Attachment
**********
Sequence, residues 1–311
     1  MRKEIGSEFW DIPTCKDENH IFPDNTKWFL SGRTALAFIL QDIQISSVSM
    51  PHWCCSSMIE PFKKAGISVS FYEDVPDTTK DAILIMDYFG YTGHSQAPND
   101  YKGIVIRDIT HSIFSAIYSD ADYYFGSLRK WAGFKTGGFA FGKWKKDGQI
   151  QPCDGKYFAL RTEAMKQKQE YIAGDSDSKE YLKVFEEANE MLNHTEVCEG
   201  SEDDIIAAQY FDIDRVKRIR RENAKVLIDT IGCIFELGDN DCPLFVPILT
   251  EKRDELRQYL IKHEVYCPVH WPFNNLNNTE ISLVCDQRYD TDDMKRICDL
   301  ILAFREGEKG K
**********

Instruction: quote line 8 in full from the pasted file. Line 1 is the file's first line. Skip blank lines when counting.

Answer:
   301  ILAFREGEKG K